https://www.isom.ca/article/mitochondrial-correction-new-therapeutic-paradigm-cancer-degenerative-diseases/

    High fat vindicated in this new study

    Mechanisms Preserving Insulin Action during High Dietary Fat Intake

    Highlights

    • Insulin sensitivity is maintained in both men and mice with high PUFA or SFA intake
    • Hepatic glucose production and de novo lipogenesis are decreased with high fat intake
    • High fat intake decreases fasting insulin and triacylglycerol levels
    • High fat intake changes the plasma proteome in an immune-supporting direction


    https://www.cell.com/cell-metabolism/fulltext/S1550-4131(18)30565-5


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    Proving the LowCarb sceptics wrong for over ten years

    Not all cherubs are Angels  Wink nor all diabetics Bonkers  Rolling Eyes
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    Re: More Science, Can You Believe It?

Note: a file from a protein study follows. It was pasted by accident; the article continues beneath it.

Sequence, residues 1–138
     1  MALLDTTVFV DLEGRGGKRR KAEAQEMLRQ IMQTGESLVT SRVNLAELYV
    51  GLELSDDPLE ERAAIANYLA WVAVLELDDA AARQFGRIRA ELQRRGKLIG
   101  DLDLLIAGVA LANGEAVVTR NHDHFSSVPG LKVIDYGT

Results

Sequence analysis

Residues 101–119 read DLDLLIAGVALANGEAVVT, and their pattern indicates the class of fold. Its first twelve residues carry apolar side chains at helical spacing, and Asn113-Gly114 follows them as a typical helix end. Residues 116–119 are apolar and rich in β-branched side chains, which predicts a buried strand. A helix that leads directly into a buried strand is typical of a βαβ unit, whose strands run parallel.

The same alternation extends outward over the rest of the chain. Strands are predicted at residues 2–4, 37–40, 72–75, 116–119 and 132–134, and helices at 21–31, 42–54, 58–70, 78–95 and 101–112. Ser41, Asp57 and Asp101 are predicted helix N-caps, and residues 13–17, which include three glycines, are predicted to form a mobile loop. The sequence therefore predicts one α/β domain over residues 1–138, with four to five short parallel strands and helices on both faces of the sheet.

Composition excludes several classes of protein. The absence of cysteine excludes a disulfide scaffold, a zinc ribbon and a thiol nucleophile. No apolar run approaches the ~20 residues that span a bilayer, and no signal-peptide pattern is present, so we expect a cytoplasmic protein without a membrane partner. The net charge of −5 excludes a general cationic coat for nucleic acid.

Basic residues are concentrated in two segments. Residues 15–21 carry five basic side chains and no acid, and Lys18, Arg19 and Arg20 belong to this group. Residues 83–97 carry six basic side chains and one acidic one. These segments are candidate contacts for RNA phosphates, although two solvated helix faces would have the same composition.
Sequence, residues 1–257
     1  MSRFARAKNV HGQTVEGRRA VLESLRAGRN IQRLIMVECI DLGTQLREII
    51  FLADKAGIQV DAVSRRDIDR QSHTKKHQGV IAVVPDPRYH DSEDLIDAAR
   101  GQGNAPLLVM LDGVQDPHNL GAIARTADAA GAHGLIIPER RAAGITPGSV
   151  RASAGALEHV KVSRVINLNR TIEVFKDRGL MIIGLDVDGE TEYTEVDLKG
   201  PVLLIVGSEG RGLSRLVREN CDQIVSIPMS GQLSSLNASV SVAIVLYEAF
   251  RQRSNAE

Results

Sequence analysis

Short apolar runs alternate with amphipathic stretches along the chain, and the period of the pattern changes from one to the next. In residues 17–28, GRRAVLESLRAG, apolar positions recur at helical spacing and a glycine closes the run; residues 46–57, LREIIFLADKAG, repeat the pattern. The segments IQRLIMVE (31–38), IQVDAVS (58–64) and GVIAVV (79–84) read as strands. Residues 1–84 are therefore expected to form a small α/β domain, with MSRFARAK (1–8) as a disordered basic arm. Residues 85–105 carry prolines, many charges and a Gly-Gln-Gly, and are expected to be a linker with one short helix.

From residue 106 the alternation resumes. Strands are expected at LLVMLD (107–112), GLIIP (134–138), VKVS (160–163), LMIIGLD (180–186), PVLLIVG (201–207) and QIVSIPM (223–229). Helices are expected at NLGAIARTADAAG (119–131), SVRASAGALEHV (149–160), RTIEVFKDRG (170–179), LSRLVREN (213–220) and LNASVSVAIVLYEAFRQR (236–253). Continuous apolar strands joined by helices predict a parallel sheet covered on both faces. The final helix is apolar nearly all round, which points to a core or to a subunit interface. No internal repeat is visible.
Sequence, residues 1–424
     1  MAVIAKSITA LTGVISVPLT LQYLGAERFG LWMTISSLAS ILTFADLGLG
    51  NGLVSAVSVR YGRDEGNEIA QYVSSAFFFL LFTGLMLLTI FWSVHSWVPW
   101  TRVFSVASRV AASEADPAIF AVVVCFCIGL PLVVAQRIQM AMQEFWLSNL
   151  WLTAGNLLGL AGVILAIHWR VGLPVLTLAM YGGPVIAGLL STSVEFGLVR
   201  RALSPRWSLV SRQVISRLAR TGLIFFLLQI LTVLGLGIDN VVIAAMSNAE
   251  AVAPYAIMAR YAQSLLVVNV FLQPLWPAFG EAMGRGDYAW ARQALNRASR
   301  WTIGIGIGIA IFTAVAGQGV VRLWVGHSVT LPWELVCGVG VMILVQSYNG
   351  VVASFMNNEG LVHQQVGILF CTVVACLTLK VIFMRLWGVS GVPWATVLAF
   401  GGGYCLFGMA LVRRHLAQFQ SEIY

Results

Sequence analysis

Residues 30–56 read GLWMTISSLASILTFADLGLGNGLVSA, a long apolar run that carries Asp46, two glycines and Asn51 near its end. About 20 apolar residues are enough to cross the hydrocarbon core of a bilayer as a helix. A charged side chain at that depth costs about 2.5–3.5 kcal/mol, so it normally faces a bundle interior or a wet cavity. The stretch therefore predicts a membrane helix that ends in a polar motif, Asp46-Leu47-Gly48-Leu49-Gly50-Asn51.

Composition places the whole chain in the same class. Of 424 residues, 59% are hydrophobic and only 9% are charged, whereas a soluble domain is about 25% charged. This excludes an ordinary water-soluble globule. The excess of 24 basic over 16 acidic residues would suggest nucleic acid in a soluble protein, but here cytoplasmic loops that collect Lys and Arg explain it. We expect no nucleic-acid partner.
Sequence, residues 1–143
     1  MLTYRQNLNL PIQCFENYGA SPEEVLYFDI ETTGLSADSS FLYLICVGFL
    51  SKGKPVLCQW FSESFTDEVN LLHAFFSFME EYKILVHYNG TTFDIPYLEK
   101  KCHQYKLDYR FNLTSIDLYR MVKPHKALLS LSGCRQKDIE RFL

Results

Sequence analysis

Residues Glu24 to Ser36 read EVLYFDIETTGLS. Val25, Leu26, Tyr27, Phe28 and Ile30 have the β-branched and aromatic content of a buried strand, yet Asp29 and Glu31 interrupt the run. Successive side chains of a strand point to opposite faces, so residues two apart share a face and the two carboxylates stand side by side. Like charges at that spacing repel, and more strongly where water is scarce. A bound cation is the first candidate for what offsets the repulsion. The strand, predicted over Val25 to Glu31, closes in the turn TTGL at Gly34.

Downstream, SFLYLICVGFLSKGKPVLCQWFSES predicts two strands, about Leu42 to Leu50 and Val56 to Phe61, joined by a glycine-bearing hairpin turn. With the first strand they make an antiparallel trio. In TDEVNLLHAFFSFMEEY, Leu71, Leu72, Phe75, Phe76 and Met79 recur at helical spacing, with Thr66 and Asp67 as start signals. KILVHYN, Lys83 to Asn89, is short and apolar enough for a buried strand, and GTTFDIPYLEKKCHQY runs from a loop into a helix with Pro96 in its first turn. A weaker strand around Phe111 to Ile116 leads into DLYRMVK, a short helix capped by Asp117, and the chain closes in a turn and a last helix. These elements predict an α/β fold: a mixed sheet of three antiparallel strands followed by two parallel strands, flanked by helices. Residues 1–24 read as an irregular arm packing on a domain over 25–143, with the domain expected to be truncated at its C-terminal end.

Post by chris c on Fri Sep 28 2018, 23:18

    http://sci-hub.tw/10.1016/j.cmet.2018.08.022

    meanwhile

    Extra-intestinal manifestations of non-celiac gluten
    sensitivity: an expanding paradigm

    https://www.ncbi.nlm.nih.gov/pmc/articles/PMC5897856/

    ties in nicely with the recent one about gluten in the diet of mothers and subsequent Type 1 diabetes in their children

    Gives the lie to this somewhat

    https://www.nutritioncoalition.us/news/2018/9/10/big-pasta-cooks-up-self-interested-nutrition-science

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    Re: More Science, Can You Believe It?

    Post by chris c on Sun Sep 30 2018, 22:04

    Omega-6 vegetable oils as a driver of
    coronary heart disease: the oxidized
    linoleic acid hypothesis

    https://openheart.bmj.com/content/openhrt/5/2/e000898.full.pdf

    not so heart healthy after all huh?

    Mechanisms Preserving Insulin Action during High
    Dietary Fat Intake

    http://sci-hub.tw/10.1016/j.cmet.2018.08.022

    a technical look at the changes that occur without the customary paranoia

    Effect of Chronic Hyperglycemia on Glucose Metabolism in Subjects with Normal Glucose
    Tolerance

    http://sci-hub.tw/10.2337/db18-0439

    likewise

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    Re: More Science, Can You Believe It?

    Post by graham64 on Sun Sep 30 2018, 22:17

    Dietitians won't like this

    Effects of Various Commercial Whole-Grain Breads on Postprandial Blood Glucose Response and Glycemic Index in Healthy Subjects